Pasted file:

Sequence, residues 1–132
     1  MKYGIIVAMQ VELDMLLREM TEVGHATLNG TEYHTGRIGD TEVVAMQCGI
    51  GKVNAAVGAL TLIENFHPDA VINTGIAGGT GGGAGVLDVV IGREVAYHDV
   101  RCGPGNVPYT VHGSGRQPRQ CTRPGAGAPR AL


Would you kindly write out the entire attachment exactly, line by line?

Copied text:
Sequence, residues 1–132
     1  MKYGIIVAMQ VELDMLLREM TEVGHATLNG TEYHTGRIGD TEVVAMQCGI
    51  GKVNAAVGAL TLIENFHPDA VINTGIAGGT GGGAGVLDVV IGREVAYHDV
   101  RCGPGNVPYT VHGSGRQPRQ CTRPGAGAPR AL